Parvovirus can make for some sick puppies
Buster was a walking definition of a “sick puppy.” Except that he wasn’t walking right now. Just a couple days ago, this 3-month-old Rottweiler was active and playful. Today he seemed all played out, stretched passively on the veterinarian’s exam table. He was weak and tired with sunken eyes. His owners reported that Buster had not wanted to eat or drink much water for the past day and a half. He had thrown up a few times and this morning he had cut loose with a wave of diarrhea.
The vet listened to the owner’s story while he examined the pup. His already strong diagnostic suspicions were confirmed when Buster had another diarrhea accident on the exam table. A vet’s sense of smell is a not-uncommonly-used diagnostic tool. And the smell from Buster’s accident registered “parvovirus” in the vet’s brain right away.
Most dog owners have probably heard of canine parvovirus. It’s a common and necessary component of “puppy shots”: vaccines administered to puppies to prime their immune systems against common canine diseases. Fortunately, this is where the familiarity with parvovirus ends for most dog owners, because the vaccine does a good job preventing illness.
But for others, parvovirus can be devastating and potentially fatal. Parvovirus shows up when puppies are incompletely vaccinated, or if vaccinated pups are unlucky enough to encounter so much virus it overwhelms their system.
In hindsight, Buster was at risk of parvovirus because he had missed his second puppy vaccination. Pups should be vaccinated for parvovirus beginning as early as 6 weeks of age. They should get boosters every 3-4 weeks after that until they’re at least 4 months old. These frequent boosters are necessary because the pup likely has antibodies against parvo from his mother. These are good because they protect the very young pup, but they can also neutralize a vaccine. We can’t predict which dose will “take,” so we repeat it until we are assured that the latest one will work.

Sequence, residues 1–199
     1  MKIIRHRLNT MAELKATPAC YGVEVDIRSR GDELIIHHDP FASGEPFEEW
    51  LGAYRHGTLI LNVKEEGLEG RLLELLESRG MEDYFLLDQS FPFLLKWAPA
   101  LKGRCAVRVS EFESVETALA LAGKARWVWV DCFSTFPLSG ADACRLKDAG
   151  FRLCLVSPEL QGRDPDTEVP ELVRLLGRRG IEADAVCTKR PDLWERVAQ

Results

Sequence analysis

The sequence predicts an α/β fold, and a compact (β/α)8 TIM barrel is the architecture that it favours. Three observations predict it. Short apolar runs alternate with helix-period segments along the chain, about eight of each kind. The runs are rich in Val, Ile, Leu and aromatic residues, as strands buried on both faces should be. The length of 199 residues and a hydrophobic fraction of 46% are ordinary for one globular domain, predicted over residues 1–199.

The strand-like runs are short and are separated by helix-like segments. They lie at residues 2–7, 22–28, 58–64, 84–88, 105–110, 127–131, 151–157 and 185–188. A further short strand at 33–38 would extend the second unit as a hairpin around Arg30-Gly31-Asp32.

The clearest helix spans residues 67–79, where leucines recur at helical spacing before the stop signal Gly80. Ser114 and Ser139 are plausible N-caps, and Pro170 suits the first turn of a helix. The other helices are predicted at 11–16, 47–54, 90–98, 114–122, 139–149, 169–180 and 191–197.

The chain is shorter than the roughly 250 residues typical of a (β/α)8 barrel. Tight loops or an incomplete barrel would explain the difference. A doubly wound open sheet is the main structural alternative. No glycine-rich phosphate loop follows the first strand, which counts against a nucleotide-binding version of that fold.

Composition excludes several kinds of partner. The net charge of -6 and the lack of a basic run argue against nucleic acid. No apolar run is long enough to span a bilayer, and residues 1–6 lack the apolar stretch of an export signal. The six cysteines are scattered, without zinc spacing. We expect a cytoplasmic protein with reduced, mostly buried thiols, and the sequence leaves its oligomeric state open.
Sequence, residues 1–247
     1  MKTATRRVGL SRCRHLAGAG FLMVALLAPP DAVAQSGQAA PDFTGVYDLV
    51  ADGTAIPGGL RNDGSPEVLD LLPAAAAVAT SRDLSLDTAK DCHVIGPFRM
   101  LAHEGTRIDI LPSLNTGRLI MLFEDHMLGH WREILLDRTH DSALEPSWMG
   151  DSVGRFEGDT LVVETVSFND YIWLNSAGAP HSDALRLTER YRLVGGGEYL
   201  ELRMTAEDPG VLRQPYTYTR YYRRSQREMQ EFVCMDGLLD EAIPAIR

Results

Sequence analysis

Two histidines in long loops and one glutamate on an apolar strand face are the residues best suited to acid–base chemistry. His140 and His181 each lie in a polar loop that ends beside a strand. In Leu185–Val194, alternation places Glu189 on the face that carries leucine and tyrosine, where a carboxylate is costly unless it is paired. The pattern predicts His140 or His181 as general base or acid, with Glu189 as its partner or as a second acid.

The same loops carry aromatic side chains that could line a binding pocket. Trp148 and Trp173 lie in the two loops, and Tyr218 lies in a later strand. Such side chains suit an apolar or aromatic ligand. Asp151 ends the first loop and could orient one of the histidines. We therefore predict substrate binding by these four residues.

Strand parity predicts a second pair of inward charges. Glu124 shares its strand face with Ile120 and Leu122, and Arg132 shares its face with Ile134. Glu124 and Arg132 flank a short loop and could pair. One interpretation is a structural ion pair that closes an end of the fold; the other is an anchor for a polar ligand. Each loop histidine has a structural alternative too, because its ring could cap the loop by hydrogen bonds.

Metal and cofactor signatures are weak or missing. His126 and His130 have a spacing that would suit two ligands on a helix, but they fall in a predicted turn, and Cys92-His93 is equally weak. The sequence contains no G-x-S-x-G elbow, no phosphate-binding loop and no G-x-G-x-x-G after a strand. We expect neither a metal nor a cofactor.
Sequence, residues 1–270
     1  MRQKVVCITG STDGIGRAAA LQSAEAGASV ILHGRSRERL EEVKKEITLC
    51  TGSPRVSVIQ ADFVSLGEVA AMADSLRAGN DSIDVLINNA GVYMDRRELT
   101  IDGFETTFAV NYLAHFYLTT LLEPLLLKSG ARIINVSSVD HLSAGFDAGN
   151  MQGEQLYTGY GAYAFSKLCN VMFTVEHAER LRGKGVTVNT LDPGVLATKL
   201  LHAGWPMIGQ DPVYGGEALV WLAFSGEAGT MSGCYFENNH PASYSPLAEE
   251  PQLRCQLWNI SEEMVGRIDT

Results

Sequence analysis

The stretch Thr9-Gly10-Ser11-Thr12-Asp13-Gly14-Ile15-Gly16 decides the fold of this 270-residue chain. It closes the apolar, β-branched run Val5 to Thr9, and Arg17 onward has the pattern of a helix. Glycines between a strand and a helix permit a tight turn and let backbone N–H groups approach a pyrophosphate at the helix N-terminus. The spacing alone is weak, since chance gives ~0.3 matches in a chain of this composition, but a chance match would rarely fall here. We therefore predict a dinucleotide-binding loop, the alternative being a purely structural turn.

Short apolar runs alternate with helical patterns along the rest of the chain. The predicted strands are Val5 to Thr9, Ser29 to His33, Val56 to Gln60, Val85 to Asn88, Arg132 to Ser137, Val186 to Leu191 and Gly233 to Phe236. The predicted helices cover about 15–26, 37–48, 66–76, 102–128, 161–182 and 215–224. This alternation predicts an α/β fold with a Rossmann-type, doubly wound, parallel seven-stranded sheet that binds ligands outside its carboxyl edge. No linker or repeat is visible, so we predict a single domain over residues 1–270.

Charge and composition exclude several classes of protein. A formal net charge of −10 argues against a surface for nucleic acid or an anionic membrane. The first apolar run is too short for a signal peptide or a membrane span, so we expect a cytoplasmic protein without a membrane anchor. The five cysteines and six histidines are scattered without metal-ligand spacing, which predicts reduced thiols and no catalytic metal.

This virus itself presents challenges. First, it is very contagious. It does not take many viruses to infect a susceptible pup. Secondly, it is very resistant in the environment. Many of the normal disinfectants we use don’t kill parvovirus. Unless special disinfectants are used, once it’s in a kennel or exam room, it can readily spread to other dogs.
Like most viruses, parvovirus has a preference for what type of body cell they like to infect. Parvo infects rapidly-dividing cells. The cells that line the intestine and cells in the bone marrow are prime targets because they’re always regenerating. As a result, the pup’s gut lining becomes raw and dysfunctional, resulting in a diarrhea that’s sometimes bloody and typically has a distinct stench to it. Rapid dehydration results from this loss of fluid through the intestine, and it’s worsened by vomiting.
Parvovirus’ effects on the bone marrow are just as bad. The virus destroys the cells that would normally form white blood cells – the body’s defense against infection. As if the gut problems aren’t bad enough, now the infected pup has very little immune system left to help him conquer the virus.
When parvo is diagnosed, all treatment stops are pulled out. Vets have to replace the pup’s lost body fluid through IV’s. They give antibiotics because the damaged gut is more likely to let bacteria into the bloodstream. And they have to somehow keep the pup’s nutrition up in the face of vomiting and a lackluster appetite. Significantly, all these efforts have to be done in isolation, with meticulous attention given to cleaning, disinfection, and biosecurity so that the clinic’s normal patients don’t become infected too.
All of these efforts are aimed at supporting the pup’s system while the gut cells regenerate and regain function. Sometimes they’re not successful. In the case of Buster, it took several days of IV fluids in isolation to keep him going through the course of his disease. He had a good outcome, but only after a long time and a hefty veterinary bill. If a new pup is going to join your household this year, make sure vaccination against parvovirus is at the top of your list.
Russ Daly, DVM, is the Extension Veterinarian at South Dakota State University. He can be reached via e-mail at firstname.lastname@example.org or at 605-688-5171.